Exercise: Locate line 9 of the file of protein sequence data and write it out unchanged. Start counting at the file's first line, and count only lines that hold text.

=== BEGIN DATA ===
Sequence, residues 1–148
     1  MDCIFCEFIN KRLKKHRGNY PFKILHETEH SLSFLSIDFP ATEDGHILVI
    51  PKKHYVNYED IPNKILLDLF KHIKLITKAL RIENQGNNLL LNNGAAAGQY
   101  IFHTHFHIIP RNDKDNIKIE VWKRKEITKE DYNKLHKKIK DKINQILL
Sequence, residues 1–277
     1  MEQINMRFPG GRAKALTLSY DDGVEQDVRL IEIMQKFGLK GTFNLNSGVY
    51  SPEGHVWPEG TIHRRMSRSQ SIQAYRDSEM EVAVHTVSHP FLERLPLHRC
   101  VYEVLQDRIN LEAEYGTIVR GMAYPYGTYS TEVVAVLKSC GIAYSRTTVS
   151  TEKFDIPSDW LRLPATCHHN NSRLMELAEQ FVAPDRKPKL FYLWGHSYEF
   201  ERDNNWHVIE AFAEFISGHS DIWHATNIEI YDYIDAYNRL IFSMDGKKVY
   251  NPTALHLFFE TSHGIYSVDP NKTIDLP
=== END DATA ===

   151  TEKFDIPSDW LRLPATCHHN NSRLMELAEQ FVAPDRKPKL FYLWGHSYEF